From left: Sofia Kasradze, Natela Okujava, Hanneke de Boer, Ley Sander and Tarun Dua.
Click here to read a progress Report of the Georgia Demonstration Project
During Phase II of the Campaign Demonstration Projects were set up in the AFRO, AMRO, SEARO and WPRO Regions, but no such activity had been initiated in European Region. After ample discussions with the Regional Advisor for Mental Health it was decided to select Georgia as the first country to develop a Demonstration Project in the European Region as the country fulfilled all formal selection criteria for such a project.
Georgia is one of the republics of the former Soviet Union and is situated in the Caucasus region of Eurasia, at the juncture of Eastern Europe and Western Asia; it is bounded to the west by the Black Sea; to the north by Russia; to the south by Turkey and Armenia; and to the east by Azerbaijan. Georgia covers a territory of 69,700 km² and its population is 4.3 million. The population consists of 12 ethnical groups of whom 52% are urban and 48% rural. The gross annual income per capita is US$250.00.
After the announcement of independence in the early nineties, due to periodic external aggression and separatism in the country, one third of the territory of Georgia went out of the area of its jurisdiction. Since then up to half a million refugees have been living in very poor social and economic conditions in various parts of the country. Economic, social and health care systems have been totally destroyed. The economy in Georgia collapsed and the country received developed country status.
Health care reforms started and in most cases were unsuccessful. In 1997 the only epilepsy centre was abolished and in 2001 the entire Institute of Neurology was destroyed. Epilepsy completely disappeared from the health care system. Visits to doctors and investigations became chargeable and costly, for AEDs the patients had to pay out of pocket. Cases of self-treatment, use of herbal medicines, admittance to fortune-tellers, mullahs etc., dramatically rose. As a result, inadequate treatment, treatment gaps, status epilepticus and epilepsy mortality cases increased.
Since 2004 democratic activities in Georgia have gone through a positive evolution, but many difficulties in the flow of this process still remain. Presently there is a huge gap between a few clinical units focusing on epilepsy and the rest of the health care system in Georgia, where the level of knowledge on epilepsy is extremely low.
The main problems facing epilepsy care are:
- Poor state financing of the health care system (US$75,000 per annum);
- Absence of medical insurance;
- Absence of a registration system of morbidity and ambulatory supervision;
- Absence of a coordinating system of drug supply, high prices on medicines and their unavailability for most of the population;
- Absence of standards of disease management;
- Lack of educational and special literature, lack of treatment and diagnostic guidelines;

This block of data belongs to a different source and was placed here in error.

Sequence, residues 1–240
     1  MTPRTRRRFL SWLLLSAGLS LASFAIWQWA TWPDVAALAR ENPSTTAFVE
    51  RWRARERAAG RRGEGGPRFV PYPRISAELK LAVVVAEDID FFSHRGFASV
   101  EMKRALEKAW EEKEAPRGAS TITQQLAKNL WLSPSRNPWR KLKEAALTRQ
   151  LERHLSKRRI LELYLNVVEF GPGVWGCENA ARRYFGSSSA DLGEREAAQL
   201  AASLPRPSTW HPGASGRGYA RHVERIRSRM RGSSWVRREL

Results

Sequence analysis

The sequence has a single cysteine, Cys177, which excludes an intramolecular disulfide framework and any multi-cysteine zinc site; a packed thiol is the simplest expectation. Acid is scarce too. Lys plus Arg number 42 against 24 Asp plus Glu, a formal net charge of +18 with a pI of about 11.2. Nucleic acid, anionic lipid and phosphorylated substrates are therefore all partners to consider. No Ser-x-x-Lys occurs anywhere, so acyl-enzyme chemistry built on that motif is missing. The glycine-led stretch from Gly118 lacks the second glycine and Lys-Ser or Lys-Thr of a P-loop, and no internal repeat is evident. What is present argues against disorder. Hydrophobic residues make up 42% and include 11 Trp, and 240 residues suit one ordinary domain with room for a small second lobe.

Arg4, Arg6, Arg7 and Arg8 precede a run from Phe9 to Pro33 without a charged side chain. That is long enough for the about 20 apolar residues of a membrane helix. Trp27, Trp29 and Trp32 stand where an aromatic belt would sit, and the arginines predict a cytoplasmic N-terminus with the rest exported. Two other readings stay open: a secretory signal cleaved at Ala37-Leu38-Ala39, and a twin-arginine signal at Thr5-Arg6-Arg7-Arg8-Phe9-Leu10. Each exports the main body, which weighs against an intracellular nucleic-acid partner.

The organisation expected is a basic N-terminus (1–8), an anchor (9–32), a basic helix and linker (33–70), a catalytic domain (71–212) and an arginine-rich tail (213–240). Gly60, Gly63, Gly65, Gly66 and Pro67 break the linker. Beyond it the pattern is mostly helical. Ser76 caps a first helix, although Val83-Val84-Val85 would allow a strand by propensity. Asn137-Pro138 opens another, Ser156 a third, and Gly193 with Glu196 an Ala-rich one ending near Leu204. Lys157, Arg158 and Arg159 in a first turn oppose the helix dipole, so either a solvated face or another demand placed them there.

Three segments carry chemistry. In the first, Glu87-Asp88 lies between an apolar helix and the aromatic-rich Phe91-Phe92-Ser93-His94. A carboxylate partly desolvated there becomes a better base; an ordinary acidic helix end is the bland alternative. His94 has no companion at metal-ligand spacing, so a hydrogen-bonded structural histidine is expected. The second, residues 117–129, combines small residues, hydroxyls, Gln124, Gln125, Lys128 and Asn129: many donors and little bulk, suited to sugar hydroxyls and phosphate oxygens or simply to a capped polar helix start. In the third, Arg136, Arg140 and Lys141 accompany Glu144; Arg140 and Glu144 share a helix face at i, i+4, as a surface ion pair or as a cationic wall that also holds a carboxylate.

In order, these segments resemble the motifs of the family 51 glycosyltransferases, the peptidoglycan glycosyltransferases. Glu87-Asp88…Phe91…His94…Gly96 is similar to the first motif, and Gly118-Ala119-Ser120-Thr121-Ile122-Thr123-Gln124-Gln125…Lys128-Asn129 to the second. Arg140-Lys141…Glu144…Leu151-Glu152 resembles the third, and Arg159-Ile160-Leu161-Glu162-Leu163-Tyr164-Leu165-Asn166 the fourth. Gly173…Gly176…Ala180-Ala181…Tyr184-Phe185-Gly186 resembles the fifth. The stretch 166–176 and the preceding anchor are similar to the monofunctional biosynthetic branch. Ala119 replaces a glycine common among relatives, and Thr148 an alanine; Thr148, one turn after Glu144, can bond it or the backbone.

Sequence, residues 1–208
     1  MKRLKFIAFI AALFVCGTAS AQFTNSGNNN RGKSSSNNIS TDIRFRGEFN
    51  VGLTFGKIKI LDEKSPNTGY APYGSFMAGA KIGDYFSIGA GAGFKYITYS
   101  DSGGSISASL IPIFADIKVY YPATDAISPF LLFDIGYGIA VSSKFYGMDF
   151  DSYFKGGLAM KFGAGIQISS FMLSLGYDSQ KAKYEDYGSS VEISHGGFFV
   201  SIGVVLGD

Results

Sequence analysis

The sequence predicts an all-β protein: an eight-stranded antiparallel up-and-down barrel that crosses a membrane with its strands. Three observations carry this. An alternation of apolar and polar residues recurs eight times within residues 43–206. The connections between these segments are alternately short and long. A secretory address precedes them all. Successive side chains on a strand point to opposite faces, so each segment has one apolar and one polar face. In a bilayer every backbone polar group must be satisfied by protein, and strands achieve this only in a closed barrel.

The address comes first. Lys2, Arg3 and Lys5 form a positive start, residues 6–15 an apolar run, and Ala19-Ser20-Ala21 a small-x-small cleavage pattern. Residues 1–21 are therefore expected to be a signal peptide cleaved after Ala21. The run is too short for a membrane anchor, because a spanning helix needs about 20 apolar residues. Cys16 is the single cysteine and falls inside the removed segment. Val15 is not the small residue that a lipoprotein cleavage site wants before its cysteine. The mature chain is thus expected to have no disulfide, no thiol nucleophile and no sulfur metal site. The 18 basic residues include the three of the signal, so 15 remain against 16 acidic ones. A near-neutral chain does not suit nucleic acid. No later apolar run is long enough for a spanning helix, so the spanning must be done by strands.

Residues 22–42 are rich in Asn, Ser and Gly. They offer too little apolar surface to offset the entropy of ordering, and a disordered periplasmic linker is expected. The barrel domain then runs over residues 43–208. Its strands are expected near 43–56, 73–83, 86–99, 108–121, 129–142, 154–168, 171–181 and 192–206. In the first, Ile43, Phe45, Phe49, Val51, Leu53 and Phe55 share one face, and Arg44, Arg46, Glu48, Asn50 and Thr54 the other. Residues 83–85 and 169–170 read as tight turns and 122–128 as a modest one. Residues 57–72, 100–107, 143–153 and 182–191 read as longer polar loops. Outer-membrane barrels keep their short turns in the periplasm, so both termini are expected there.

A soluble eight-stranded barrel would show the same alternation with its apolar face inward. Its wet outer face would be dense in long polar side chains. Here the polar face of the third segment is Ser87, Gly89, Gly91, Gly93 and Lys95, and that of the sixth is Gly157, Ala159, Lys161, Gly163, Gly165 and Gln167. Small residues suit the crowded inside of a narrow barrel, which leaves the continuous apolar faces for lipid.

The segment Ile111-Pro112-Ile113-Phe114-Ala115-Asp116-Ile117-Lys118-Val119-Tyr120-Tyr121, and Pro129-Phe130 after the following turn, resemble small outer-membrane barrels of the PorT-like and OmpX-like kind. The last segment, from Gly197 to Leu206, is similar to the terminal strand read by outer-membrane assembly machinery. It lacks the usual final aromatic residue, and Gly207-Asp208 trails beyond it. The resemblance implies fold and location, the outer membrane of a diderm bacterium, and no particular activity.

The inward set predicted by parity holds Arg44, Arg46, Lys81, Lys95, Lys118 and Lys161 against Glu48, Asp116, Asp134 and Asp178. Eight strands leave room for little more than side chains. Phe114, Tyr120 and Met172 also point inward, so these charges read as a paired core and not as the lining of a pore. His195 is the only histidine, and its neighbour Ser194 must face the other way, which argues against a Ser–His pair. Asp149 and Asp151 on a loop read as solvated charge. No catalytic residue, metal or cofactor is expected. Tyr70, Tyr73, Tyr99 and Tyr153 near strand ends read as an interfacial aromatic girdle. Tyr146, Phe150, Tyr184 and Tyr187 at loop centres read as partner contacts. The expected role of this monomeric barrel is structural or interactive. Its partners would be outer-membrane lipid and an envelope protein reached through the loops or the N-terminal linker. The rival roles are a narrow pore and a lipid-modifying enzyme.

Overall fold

- Very low educational level of primary health care physicians and nurses, as well as epilepsy specialized neurologists;
- Lack of epilepsy information for patients, high stigmatization level;
- Absence of neuropsychological services and psychosocial rehabilitation;
- Low quality of life of people with epilepsy;
The project aims at testing the feasibility of diagnosing and treating convulsive forms of epilepsy at primary care level, using phenobarbital, carbamazepine or sodium valproate as the first option. The long-term objective is to integrate epilepsy management into the existing primary health delivery system in rural and semi-rural areas of Georgia in a sustainable manner.
- Improvement of epilepsy patients identification, treatment and problem management in the provinces of Georgia at primary health care level with active participation of society;
- Elaboration of an epilepsy management model at primary health care level, which might be implemented universally;
- To estimate the prevalence of active forms of convulsive epilepsy, the scale of the treatment gap via an active case finding methodology, and changes the project may bring to these figures in the study area.
- To assess the impact on their practice of training for epilepsy of health practitioners at the primary health level.
- To develop national guidelines (manual) for the identification, education, treatment and follow-up of patients with epilepsy at a primary health care level.
- To carry out a feasibility study of the treatment of convulsive forms of epilepsy using carbamazepine, valproate and/or phenobarbital by primary health care doctors.
- To develop a programme for continuous professional education on epilepsy for primary health care professionals.
- To promote public awareness of epilepsy by way of an educational programme aimed at the community.
- To develop local advocacy and support groups for people with epilepsy.
- To reduce the economic and social burden of epilepsy in the study areas.
The Project consists of three parts:
- Epidemiological evaluation facilitates to establish the real picture of untreated patients;
- Provision of medical services to people with epilepsy (intervention study): correct diagnostics elaboration of monitoring schedules for the patients on PB, CBZ and VPA treatment;
- Public education and social intervention: education of various target groups on social aspects of epilepsy.
- Epidemiological evaluation:
The epidemiological exercise aimed at estimating the prevalence of active epilepsy and the treatment gap.
Patients screening was performed in selected areas by means of special surveyors and door-to-door assessment. A screening Questionnaire based on the one used previously in China was utilized.
The Questionnaire was adapted and subjected to Georgian-English onward-backward translation before the final version was validated. This was carried out at the Epilepsy Prevention and Control Centre (CPCE) and showed sensitivity 98.8% and specificity 87.0%.
The prevalence of epilepsy was found to be 0.8%. The treatment gap (people not being diagnosed and treated appropriately) came to 66.6% (out of 88 people with epilepsy 14 were newly diagnosed and received no treatment before, 8 were not treated at all and 36 were treated inappropriately). The data will be revisited in order to determine the lifetime prevalence.
The survey will be repeated using a similar methodology and instruments at the end of a four-year period to ascertain if there has been a measurable change in the treatment gap in the areas surveyed.
- Provision of medical services to people with epilepsy (intervention study)